The Italian city of Milan’s ‘Area C’ urban road pricing scheme has won the 2014 Transport Achievement Award presented by the International Transport Forum (ITF) at the OECD (Organization for Economic Co-operation and Development); an intergovernmental organization for the transport sector with 54 member countries. One of the most car-dependent cities in Europe, Milan is one of the few on the continent to have introduced a road pricing program. Known as ‘Area C’, the scheme was introduced in January 2012, following a referendum in which 79.1% of voters supported the upgrade of an existing, limited charge to cover more vehicles and also a wider area. Popular support in Milan for a comprehensive road charge was considerably higher than in other cities that have introduced road charging by referendum. A referendum in Stockholm saw 51% supporting road charging, while UK voters in Manchester and Edinburgh have rejected charging schemes. The London congestion charge was introduced in 2003 without a referendum.
Cars entering Milan’s ‘Area C’ are detected by a system of 43 electronic gates equipped with ANPR (Automatic Number Plate Recognition) technology. The fee charged per entry is EUR5 (US$7), with exemptions for mopeds, motorcycles, electric cars, vehicles for disabled drivers, as well as some other categories. Residents have 40 free accesses per year and pay EUR2 (US$2.80) thereafter. The program has reduced congestion, with vehicle accesses to ‘Area C’ falling by 28%. Demand for on-street parking is down by 10% and productivity for freight deliveries within Milan has increased by 10%. The number of road crashes with injuries fell by 26.3%. Vehicle emissions were also reduced: Particulate Matter (PM10) by 10% and CO2 by 35%. The speed of public transport increased (bus: +6.9%, tram: +4.1%). Cars using ‘Area C’ were less polluting, with the share of cleaner vehicles rising from 9.6% of the total to 16.6%.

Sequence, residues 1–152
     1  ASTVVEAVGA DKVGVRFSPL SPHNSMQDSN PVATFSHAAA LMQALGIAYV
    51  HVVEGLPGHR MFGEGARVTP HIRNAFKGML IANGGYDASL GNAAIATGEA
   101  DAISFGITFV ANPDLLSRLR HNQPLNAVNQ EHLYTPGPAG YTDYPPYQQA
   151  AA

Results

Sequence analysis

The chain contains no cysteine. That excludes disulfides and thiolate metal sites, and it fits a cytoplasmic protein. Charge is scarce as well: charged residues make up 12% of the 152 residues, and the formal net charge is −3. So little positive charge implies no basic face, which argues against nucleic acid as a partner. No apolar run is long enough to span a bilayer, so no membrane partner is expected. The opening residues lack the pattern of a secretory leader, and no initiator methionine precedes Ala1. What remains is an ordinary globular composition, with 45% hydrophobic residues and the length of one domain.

The ITF jury recognized Milan’s successful introduction of a comprehensive road charge as, “a significant achievement in improving the urban transport system”. The jury was particularly impressed by the way Milan succeeded in obtaining the political support of citizens, commenting, “After identifying that the existing congestion pricing scheme was no longer achieving its objectives, the Municipality of Milan had the foresight and political courage to design a more effective replacement, and the capability to implement this successfully.” Milan’s Mayor, Giuliano Pisapia, said, “This award is one of the most important recognitions for one of the main actions undertaken by our Municipality in order to improve the citizens’ quality of life. Milan has proposed a model that has immediately become European and global best practice. In a very short time, we obtained very satisfactory results in terms of traffic reduction and lowering of pollutant emissions. Another positive new trend is that citizens, tourists and city users are increasingly switching to public transport, which has been improved by the ‘Area C’ model.”
May 21, 2014
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